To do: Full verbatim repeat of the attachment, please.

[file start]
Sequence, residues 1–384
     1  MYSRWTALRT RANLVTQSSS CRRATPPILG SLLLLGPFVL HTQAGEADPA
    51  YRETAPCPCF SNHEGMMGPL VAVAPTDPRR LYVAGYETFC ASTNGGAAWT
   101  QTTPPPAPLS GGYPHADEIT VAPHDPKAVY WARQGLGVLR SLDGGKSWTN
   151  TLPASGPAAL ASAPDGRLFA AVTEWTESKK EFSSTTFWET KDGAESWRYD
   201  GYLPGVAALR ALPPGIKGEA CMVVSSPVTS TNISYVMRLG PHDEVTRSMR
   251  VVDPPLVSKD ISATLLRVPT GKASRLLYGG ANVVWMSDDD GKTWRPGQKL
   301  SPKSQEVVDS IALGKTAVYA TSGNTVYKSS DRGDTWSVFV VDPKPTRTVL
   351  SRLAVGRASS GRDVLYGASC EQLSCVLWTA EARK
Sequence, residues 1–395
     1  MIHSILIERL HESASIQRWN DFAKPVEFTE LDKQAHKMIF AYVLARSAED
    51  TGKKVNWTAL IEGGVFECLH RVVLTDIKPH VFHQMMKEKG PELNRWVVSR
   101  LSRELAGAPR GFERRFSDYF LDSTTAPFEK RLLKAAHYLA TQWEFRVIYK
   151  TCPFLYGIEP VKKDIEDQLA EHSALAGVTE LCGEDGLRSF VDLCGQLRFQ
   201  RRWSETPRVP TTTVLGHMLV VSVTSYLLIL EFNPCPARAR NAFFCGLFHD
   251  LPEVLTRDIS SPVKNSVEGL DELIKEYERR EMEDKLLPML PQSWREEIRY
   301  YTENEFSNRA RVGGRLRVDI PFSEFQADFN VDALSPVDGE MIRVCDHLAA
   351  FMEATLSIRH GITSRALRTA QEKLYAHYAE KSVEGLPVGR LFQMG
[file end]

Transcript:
Sequence, residues 1–384
     1  MYSRWTALRT RANLVTQSSS CRRATPPILG SLLLLGPFVL HTQAGEADPA
    51  YRETAPCPCF SNHEGMMGPL VAVAPTDPRR LYVAGYETFC ASTNGGAAWT
   101  QTTPPPAPLS GGYPHADEIT VAPHDPKAVY WARQGLGVLR SLDGGKSWTN
   151  TLPASGPAAL ASAPDGRLFA AVTEWTESKK EFSSTTFWET KDGAESWRYD
   201  GYLPGVAALR ALPPGIKGEA CMVVSSPVTS TNISYVMRLG PHDEVTRSMR
   251  VVDPPLVSKD ISATLLRVPT GKASRLLYGG ANVVWMSDDD GKTWRPGQKL
   301  SPKSQEVVDS IALGKTAVYA TSGNTVYKSS DRGDTWSVFV VDPKPTRTVL
   351  SRLAVGRASS GRDVLYGASC EQLSCVLWTA EARK
Sequence, residues 1–395
     1  MIHSILIERL HESASIQRWN DFAKPVEFTE LDKQAHKMIF AYVLARSAED
    51  TGKKVNWTAL IEGGVFECLH RVVLTDIKPH VFHQMMKEKG PELNRWVVSR
   101  LSRELAGAPR GFERRFSDYF LDSTTAPFEK RLLKAAHYLA TQWEFRVIYK
   151  TCPFLYGIEP VKKDIEDQLA EHSALAGVTE LCGEDGLRSF VDLCGQLRFQ
   201  RRWSETPRVP TTTVLGHMLV VSVTSYLLIL EFNPCPARAR NAFFCGLFHD
   251  LPEVLTRDIS SPVKNSVEGL DELIKEYERR EMEDKLLPML PQSWREEIRY
   301  YTENEFSNRA RVGGRLRVDI PFSEFQADFN VDALSPVDGE MIRVCDHLAA
   351  FMEATLSIRH GITSRALRTA QEKLYAHYAE KSVEGLPVGR LFQMG